Disappointment at the General Assembly: RI Rank Open Government Rankings Published
RI Rank’s annual study of where our legislators land on issues of open government – the important issues of how we choose our leaders and how we access information about our government – yielded disappointing results. Not one legislator was ranked as excellent…
A series of good government bills, including some that would have improved the state’s ongoing redistricting process, failed to pass the General Assembly last last session. Other bills, that might have held the police in our state to higher levels of professionalism and oversight, improve access to the polls for voters or improve the public’s access to public records, failed, while a few bills that harm oversight and democracy passed.
See: RI Rank’s 2021 RI General Assembly Open Government Rankings
A robust Democracy is all all about process and transparency. Without access to information our vote is cast blind, and without access to the polls our vote never happens. Further, every person in a functioning democracy has a say in how we ought to be policed. Policing is a contentious issue right now, but I think we all can agree that policing is not something that ought to be thrust upon us – it is something we create around ourselves, and without oversight we have no understanding of the quality of our policing.
Let me take one bill in particular: Senate bill 0671 blocks Rhode Island residents from learning which town their police officers reside in.
Earlier this year UpriseRI reported on Providence Police Officers responding to a public disturbance on Sayles Street. Before the day was over, police officers ended up pepper-spraying children as young as three years old and arresting children and some young adults indiscriminately. (All charges have since been dropped.)
It is suspected, but not known with certainty, that most members of the Providence Police Department do not live in the communities they ostensibly serve. Instead, these police officers commute to Providence from rural communities like Coventry or Smithfield to police communities of color in ways that would be unthinkable in the towns they call home.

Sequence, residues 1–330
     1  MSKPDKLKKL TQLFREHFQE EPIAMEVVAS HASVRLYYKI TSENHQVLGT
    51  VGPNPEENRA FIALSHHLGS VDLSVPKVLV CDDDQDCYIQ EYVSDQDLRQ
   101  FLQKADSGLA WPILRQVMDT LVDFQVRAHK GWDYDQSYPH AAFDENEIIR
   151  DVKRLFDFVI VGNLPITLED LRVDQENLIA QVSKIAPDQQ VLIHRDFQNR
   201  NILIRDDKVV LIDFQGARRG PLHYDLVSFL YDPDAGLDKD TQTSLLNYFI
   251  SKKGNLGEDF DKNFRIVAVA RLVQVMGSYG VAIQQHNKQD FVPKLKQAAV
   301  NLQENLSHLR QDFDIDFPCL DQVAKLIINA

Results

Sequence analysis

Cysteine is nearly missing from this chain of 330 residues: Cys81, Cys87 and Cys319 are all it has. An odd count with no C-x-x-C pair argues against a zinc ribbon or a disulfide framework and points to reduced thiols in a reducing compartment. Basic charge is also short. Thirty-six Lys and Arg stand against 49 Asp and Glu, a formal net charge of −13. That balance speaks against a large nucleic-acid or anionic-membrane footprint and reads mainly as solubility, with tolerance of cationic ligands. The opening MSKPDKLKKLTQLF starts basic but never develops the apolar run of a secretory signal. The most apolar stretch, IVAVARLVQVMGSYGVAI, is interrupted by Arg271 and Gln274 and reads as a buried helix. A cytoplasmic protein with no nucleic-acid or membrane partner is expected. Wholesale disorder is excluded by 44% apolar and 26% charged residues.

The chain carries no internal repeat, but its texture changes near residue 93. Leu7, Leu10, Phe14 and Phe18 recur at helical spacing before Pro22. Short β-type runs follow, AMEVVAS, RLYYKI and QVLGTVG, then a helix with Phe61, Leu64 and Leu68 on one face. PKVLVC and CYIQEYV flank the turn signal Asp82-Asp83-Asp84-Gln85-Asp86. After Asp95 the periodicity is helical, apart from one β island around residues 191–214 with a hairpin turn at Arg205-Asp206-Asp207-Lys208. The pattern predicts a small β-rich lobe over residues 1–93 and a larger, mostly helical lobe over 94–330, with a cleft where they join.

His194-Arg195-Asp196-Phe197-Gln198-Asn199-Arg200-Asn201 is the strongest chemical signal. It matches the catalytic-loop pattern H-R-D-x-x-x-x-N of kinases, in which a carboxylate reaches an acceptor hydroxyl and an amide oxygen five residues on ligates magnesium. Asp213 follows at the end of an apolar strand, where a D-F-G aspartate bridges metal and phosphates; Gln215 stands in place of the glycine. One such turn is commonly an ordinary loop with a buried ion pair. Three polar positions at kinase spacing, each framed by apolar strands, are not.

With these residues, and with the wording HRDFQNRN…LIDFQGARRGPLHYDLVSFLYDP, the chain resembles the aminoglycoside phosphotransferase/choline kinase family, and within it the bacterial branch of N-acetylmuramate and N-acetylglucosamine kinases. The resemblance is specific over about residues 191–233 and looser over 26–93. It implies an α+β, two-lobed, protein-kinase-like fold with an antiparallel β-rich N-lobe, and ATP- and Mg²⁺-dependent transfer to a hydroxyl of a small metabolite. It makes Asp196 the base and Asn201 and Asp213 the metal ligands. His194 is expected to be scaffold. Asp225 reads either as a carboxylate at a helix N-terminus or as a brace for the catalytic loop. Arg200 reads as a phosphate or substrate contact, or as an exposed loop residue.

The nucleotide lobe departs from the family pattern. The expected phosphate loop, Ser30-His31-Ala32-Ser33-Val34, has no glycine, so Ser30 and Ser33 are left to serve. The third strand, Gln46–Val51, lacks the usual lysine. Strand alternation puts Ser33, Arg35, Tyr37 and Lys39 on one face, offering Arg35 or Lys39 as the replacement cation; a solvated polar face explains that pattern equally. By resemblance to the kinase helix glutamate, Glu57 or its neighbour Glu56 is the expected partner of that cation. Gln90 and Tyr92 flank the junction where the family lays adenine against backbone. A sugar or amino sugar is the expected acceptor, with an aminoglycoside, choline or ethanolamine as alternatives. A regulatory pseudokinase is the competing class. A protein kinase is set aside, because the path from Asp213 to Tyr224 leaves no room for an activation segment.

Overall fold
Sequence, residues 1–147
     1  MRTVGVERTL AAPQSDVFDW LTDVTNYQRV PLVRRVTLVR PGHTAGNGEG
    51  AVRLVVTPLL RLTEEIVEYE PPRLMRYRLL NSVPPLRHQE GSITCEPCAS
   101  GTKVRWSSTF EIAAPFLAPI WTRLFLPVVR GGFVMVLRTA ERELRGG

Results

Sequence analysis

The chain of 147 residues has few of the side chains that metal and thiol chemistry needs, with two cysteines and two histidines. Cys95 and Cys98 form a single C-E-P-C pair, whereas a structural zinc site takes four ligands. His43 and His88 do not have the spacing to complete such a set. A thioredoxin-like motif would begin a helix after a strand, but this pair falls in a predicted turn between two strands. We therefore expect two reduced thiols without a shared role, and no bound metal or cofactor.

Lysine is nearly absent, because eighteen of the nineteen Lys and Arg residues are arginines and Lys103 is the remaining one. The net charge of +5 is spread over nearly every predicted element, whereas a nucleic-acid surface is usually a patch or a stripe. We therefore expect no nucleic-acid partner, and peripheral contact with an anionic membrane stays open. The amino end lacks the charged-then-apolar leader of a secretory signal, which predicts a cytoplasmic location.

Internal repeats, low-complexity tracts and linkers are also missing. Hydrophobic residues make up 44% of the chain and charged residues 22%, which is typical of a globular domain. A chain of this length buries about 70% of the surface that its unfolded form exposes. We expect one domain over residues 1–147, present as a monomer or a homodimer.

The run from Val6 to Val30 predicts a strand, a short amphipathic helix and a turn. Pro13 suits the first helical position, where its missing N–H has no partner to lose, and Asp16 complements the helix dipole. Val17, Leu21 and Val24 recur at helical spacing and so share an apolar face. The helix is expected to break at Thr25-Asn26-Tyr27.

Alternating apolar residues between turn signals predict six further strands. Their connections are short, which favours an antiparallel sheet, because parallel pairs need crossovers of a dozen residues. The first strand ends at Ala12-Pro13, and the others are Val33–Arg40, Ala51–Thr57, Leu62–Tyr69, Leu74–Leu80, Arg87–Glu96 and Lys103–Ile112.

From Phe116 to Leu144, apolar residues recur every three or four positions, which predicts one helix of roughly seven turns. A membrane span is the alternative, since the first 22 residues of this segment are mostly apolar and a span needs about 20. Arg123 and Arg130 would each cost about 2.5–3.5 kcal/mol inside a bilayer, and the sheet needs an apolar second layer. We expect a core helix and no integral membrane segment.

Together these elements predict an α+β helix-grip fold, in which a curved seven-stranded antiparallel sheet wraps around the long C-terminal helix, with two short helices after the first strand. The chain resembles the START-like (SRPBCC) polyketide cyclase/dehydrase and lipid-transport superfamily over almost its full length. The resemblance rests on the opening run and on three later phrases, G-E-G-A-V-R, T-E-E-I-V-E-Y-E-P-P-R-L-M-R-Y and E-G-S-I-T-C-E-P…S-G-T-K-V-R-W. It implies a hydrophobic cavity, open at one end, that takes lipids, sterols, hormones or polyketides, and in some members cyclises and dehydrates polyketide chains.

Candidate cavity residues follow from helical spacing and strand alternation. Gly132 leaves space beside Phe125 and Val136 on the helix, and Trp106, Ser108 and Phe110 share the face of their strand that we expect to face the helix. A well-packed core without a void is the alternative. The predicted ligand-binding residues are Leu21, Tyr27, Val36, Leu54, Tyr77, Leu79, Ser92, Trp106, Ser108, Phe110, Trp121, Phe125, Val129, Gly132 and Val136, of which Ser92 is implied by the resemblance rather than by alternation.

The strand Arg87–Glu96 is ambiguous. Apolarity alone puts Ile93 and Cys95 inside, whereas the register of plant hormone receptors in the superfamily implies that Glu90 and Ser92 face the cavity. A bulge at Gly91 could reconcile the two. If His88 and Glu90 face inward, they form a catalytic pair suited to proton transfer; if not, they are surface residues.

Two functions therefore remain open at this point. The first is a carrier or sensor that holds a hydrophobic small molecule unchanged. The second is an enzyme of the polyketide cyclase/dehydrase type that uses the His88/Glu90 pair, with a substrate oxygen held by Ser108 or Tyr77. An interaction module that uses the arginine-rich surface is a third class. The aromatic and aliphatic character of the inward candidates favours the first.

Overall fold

In the officer’s home town they are connected and woven into the community – their kids go to the same schools as their neighbors – they may coach youth baseball teams, for instance – they buy goods and services from local businesses. In the towns they live in, are officers as likely to respond with pepper spray and violence? It’s hard to imagine.
This isn’t about the safety of individual officers. We don’t need to know the home address of Officer Smith or Captain Jones. We just need a number: How many officers live in what zip codes, or what percentage of the current force does not live in the city of town they serve. But S0671 blocks “agencies of municipalities and the state from releasing information as to the residency of peace officers regarding public records requests.”
This information, an important data point in determining racial bias in policing, and the effectiveness of community policing, cannot, under the law, be released. It was a bad bill that was supported by conservatives and progressives alike.
RI Rank’s annual study of where our legislators land on issues of open government – the important issues of how we choose our leaders and how we access information about our government – yielded disappointing results. Not one legislator was ranked as excellent. At best, two progressive Senators, Samuel Bell and Tiara Mack from Providence, both scored “OK.” The rest the Senate scored poorly.
In the House, Representative David Place of Burrillville took the top spot, with Representatives Serpa, Roberts, Kislak, Ranglin-Vassell, Constantino, Hawkins, Alzate and Henries trailing behind. Those in the top spots still ranked “OK” while the rest of the House scored poorly.
The mix of conservative Republicans (Place, Roberts, Hawkins) conservative Democrats (Serpa, Constantino) and Progressives (Kislak, Ranglin-Vassell, Alzate and Henries) at the top of the House rankings shows that when it comes to process and transparency, there is wide bi-partisan interest. There is a place here to come together and do important work around open government and democracy.
The first steps towards a truly informed and empowered electorate is opening the government up to public scrutiny. Democracy may die in darkness, but it flourishes in the light.